Obituaries - Ethel HAINLINE
Macomb Journal, 1893
HAINLINE - Ethel Agnes, the oldest child and only daughter of Quincy and Sarah Hainline, of Hire township, McDonough county, Illinois, died at their home Monday, December 11th, 1893, at 6 o'clock a.m. Ethel was born on the 26th day of February, 1875, and was 18 years, 6 months and 15 days when she died. She lived all her life in the house where she died. In her fifteenth year she professed religion and joined the United Brethren church. She was a girl of extra energy in the line of getting an education, and before she was old enough to teach, had been examined for and received a teacher's certificate, standing a grade that would have been creditable for one much her senior.She taught two terms and engaged for another, her school to begin on the very day she died. She attended the teacher's term of Macomb Normal College which closed about the middle of August, and a week later went with her parents and brother a week to the World's Fair, returning on Monday "feeling so tired" as she told them, just two weeks before she died. She at once took her bed on getting home and never arose from it. That tired feeling was only the percurser of that terrible disease, typhoid fever, that was soon running with fatal riot through the poor girls veins, each day with less strength and vitality to combat its ravages. And Monday morning as the sunrise set all the eastern horizon aglow, the spirit went out to that home of the soul in the skies, and vanquished body entered in to the peaceful rest of death.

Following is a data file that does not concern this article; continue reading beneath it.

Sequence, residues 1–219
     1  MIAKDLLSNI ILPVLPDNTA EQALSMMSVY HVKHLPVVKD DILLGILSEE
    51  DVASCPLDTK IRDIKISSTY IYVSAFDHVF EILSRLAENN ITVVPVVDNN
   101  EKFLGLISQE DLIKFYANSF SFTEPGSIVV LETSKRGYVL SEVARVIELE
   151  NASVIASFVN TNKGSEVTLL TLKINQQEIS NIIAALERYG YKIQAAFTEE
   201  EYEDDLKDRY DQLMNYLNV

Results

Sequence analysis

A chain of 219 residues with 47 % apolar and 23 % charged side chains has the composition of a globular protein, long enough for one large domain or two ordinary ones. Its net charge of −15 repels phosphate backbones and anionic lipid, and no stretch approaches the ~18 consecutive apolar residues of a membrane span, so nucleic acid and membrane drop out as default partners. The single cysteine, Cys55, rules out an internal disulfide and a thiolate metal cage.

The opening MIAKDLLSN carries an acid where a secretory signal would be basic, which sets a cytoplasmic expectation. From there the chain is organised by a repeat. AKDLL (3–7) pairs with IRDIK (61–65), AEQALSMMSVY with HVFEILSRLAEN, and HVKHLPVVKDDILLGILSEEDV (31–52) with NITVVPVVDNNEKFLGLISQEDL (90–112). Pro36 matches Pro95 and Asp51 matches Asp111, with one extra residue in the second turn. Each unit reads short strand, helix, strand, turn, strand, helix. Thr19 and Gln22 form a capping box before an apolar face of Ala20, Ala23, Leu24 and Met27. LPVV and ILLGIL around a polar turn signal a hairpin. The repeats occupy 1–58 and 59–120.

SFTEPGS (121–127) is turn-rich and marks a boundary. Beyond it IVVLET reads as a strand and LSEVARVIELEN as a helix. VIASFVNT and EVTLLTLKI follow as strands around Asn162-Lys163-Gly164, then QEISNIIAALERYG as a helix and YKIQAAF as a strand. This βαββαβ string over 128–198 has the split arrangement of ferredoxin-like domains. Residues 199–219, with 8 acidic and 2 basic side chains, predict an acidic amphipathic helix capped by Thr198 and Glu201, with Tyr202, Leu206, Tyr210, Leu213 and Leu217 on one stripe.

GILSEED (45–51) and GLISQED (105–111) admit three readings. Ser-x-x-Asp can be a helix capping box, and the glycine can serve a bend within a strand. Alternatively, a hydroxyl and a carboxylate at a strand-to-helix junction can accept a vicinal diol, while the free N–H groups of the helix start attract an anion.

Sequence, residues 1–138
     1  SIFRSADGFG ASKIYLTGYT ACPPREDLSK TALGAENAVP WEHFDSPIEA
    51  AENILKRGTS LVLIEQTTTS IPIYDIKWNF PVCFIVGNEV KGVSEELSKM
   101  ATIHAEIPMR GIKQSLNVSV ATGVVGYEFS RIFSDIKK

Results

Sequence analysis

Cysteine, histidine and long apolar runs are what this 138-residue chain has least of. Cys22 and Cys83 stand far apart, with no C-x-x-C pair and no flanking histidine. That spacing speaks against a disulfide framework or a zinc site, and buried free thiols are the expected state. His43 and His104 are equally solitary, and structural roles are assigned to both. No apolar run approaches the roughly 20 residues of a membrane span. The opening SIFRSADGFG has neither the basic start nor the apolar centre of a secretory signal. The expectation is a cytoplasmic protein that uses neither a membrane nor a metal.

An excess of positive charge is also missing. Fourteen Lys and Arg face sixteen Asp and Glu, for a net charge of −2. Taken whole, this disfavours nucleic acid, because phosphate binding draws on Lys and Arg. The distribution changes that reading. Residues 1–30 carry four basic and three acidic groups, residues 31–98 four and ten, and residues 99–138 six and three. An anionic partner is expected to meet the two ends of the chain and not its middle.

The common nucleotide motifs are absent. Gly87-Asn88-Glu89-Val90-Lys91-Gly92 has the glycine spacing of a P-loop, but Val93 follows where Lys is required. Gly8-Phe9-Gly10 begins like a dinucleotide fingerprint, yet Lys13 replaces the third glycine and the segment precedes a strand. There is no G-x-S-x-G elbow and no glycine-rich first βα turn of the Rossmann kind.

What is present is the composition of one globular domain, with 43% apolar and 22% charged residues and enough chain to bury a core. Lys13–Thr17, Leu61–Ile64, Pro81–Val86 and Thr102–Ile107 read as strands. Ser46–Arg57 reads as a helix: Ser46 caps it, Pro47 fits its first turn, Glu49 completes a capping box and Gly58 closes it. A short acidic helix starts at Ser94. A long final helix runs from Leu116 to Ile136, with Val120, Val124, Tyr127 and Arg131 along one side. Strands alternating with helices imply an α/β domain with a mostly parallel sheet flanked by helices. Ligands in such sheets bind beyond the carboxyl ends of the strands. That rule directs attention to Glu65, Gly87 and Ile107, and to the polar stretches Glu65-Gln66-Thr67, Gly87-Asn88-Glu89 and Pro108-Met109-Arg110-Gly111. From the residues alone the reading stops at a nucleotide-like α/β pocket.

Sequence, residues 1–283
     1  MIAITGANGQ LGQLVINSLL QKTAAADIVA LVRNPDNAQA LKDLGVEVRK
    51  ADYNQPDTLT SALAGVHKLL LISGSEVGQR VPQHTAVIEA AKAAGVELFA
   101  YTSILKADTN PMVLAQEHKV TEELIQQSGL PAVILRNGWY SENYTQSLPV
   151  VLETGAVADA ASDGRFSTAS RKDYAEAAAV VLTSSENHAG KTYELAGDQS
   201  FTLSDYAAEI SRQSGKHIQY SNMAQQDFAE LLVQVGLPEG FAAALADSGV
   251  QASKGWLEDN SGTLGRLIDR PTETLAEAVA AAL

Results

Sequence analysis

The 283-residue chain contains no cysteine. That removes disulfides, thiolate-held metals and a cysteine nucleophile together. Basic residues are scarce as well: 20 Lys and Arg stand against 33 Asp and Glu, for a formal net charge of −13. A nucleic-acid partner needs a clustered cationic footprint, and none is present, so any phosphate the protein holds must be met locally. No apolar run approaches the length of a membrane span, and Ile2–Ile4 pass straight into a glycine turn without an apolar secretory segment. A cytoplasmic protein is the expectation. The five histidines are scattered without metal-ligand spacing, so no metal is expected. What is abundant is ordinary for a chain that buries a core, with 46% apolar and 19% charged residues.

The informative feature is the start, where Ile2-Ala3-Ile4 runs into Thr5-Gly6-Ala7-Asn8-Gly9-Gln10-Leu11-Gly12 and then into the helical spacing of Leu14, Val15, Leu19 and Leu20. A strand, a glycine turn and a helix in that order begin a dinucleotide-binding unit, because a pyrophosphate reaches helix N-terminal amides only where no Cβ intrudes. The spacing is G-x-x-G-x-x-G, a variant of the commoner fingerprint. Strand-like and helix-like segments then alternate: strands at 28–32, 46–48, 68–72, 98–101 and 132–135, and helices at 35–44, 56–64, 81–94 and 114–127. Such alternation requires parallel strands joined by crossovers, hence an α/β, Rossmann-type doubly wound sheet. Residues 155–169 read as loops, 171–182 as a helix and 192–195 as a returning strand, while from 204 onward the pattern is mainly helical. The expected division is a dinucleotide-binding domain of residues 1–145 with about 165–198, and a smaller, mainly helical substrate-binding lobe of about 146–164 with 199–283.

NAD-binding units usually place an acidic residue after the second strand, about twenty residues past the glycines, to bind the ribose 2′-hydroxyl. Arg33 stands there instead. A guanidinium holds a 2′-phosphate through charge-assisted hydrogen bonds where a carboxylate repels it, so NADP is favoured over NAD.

Funeral services were held at Willow Grove church near where she died, and of which in life she was the organist. Rev. Weigle, pastor, preaching the funeral discourse. Children who had expected to be her pupils on that day, instead come by the coffin with timid step and gazed on the dead form of their young "school Miss." The flag at the school house near by hung at half-staff. Six young ladies, her companions in life, bore the coffin to the hearse and the long procession took its slow way to the Blandinsville cemetery where the body was laid to its final earthly sleep; the day being not only the burial day of their daughter, but the wedding anniversary of the parents as well. It was a sad wedding anniversary.
Contributed by Kathy Lathrop